They flit from modern dystopian outtakes from moments that recall Diamond Dogs era Bowie to hefty experimental punk slabs of socialism via genre-bending voyeurism. It takes people with real bravery to try to do something with individuality. Spoken word has been creeping into the mainstream in recent years in the eclectic forms of The Streets, Scrubious Pip, Saul Williams and Kate Tempest but Poeticat move it in a completely new direction experimenting with every aspect of the music as well as the vocal techniques and interplay between Catherine and Ziggi, story telling, dance routines and they have also had guest appearances from Nelson ‘Papachango’ Marquez of cutting edge Latin band Los Chinces.

Catherine’s spoken word is very reminiscent of Kate Nash but she has an angst and enthusiasm that Nash lacks. The poetry ranges from political (Centre Of The Concrete Square) to love (Rooftops/Kind Words Soft Kill). There’s huge diversity in Poeticat. This is a band with massive potential to make their political voices heard through the power of spoken word. Patti Smith started out on the poetry scene in New York, reading poetry in clubs backed by a guitar before landing up forming a full rock band and entering in to the music industry. Catherine has this similar unique ability to express her thoughts, emotions, opinions and understanding of the world and its political and social structure through beautifully crafted and intelligent poetry. She captivates her audiences through her dictation but the real secret and power are in the words that are written on paper. She has a strong writing ability which will lead her to succeed in the same way.



Regulars among a diverse circuit, Poeticat received a five star review at the Edinburgh Fringe Festival and have played festivals such as Glastonbury, Latitude, Bestival, The Big Chill, Kendal Calling, Beat-Herder, E4 Udderbelly and have supported Kate Nash, Ed Sheeran and Jamie Woon.

Poeticat are supported using public funding by the National Lottery through Arts Council. In December, they recently played their Brixton Windmill residency in order to promote spoken word performance to the wider music mainstream.

Poeticat will also be playing another residency on Saturday 1 February at Brixton Windmill. Each residency will incorporate interactive art installations by Elisavet Kalpaxi and include bands and spoken word poets.

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Marla Mase – Speak (Deluxe Edition)

Marla Mase is a writer, performer, producer, singer and songwriter from New York City. On top of being multi-talented in the musical and artist side of life, she has been awarded an honorary ‘Messenger of Peace’ award by Friends of the UN for her work as a visionary artist and songwriter. Marla Mase isn’t your typical punk rock chick.

Marla Mase

Marla Mase and the Tomas Doncker Band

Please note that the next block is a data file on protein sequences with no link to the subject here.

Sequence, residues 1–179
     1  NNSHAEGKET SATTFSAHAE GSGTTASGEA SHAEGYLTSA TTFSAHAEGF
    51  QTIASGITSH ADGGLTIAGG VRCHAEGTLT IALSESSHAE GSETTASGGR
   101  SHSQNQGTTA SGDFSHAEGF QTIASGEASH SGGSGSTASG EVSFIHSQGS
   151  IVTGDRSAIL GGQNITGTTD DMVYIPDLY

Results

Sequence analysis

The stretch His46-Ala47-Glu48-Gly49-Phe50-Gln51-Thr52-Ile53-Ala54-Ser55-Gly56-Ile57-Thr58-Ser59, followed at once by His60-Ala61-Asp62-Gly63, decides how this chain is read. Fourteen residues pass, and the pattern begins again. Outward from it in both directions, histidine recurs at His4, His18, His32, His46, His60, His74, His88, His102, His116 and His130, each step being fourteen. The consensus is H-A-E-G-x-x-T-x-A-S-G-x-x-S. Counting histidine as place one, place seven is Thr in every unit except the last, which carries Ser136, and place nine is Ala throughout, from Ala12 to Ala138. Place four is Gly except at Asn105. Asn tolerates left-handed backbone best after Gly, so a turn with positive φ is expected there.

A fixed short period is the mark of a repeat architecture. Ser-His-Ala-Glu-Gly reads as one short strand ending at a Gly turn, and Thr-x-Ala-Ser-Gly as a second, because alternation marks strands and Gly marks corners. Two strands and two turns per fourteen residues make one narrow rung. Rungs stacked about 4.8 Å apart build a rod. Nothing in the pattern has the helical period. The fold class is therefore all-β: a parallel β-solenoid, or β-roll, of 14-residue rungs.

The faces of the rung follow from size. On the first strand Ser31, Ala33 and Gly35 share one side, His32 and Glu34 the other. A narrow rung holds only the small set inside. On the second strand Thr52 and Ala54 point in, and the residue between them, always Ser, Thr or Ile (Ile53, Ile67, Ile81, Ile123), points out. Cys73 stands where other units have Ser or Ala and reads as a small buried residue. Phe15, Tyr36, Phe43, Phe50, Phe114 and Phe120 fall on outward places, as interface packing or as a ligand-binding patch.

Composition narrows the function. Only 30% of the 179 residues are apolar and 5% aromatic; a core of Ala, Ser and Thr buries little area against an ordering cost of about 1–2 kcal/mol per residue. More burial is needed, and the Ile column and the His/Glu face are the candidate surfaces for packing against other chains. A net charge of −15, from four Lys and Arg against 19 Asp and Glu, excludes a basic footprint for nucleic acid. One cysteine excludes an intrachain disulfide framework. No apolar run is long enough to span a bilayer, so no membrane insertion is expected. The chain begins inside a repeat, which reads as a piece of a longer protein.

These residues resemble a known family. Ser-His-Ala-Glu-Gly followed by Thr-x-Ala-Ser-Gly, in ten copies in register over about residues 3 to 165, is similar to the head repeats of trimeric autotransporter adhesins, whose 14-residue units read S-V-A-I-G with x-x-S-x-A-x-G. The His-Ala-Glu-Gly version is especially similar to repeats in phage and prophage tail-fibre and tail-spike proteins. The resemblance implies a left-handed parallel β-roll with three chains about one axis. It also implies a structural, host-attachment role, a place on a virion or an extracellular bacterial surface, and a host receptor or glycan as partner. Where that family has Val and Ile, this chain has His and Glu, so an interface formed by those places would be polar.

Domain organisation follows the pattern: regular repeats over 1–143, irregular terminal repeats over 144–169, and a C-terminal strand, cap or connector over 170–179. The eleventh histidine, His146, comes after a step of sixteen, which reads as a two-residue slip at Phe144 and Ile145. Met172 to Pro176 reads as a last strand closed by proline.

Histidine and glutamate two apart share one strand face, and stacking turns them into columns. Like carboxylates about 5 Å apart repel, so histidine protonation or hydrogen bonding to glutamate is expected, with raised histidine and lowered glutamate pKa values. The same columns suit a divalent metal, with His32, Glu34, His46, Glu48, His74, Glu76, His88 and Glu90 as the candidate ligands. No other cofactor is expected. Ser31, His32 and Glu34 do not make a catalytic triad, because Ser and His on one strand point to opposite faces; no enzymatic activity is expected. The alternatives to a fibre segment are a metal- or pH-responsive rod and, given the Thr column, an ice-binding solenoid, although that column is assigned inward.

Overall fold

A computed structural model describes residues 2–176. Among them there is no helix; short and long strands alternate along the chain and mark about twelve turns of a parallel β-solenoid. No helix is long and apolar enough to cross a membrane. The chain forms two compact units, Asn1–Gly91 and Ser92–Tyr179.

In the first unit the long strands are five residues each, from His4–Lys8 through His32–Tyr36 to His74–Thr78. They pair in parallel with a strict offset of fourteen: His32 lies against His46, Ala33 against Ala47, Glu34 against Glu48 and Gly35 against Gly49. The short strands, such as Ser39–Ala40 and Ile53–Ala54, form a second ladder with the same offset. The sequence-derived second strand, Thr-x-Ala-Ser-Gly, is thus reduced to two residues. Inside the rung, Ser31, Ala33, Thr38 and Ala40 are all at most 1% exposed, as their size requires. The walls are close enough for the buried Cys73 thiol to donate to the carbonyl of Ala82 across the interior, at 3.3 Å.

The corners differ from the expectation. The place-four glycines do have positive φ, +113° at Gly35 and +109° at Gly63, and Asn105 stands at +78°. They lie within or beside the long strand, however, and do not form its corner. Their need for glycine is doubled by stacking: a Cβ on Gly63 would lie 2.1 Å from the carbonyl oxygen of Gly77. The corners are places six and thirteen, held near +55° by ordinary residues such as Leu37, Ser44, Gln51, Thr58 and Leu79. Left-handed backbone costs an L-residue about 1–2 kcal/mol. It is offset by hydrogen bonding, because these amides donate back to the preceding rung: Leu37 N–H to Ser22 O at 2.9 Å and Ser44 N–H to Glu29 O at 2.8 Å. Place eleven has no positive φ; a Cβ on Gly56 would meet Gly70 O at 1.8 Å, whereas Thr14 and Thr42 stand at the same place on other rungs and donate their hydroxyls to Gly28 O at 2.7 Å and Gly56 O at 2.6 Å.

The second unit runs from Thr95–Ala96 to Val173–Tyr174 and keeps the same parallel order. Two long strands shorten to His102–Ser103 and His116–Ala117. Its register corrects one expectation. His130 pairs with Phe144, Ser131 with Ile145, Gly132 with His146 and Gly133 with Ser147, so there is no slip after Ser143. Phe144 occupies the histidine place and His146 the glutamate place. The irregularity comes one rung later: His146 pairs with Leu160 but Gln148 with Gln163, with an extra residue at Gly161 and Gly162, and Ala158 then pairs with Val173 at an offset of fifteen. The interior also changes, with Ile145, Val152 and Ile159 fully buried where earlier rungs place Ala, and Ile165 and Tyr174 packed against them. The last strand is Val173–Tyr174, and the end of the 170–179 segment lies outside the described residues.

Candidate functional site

Marla Mase has become known for her provocative and raw live performances and thought-provoking lyrics which focus on the injustices of the world, media pressures upon women among other political and social issues. Marla Mase isn’t a passive member of society. She uses her thought-provoking songs to inspire others (just as others like Bob Dylan did in the past). However, unlike those huge inspirational artists of the 60s and 70s, Mase doesn’t take a back seat. Whatever she sings about, she also puts into practice. Songs like Queen of Imperfection and AnnaRexia highlight the issue of the pressure that is put on women by the media and society to look a certain way. Mase sings about this while also actively campaigning. AnnaRexia is spearheading the StayImperfect Project or Love Your Butt Campaign which Marla created to empower women to not only accept but love themselves and their bodies. Proceeds from AnnaRexia as well as emerging artist, Lael Summer’s track, The Good Fight (whose EP Marla co-produced with Doncker) will go towards theprojectheal.org, a non-profit organization founded by two teenage eating disorder survivors, that raises scholarship money for girls whose families cannot afford to send them to treatment.

For the above reasons among others, Mase has been noted as being a true musical pioneer of our time. She is about to release the deluxe edition of her album Speak. Speak was first released in 2010. The deluxe edition features the ten original tracks plus six extra ones such as AnnaRexia and Piece of Peace.

Marla Mase has been compared to the likes of Jim Morrison and Patti Smith. Two of the most inspirational musicians of the 60s and 70s. Mase certainly has a Patti Smith feel to her music and to some extent, her appearance and attitude to life. Songs like Open Up My Heart and Queen of Imperfection really do ooze Smith’s attitude and spirit. Her musical style reflects that of Smith’s as well. Her music is poetry in song. She mixes spoken word, punk, rock, global soul and reggae influences to produce a sound all her own. It seems Mase belongs in the 70s but is a few decades too late.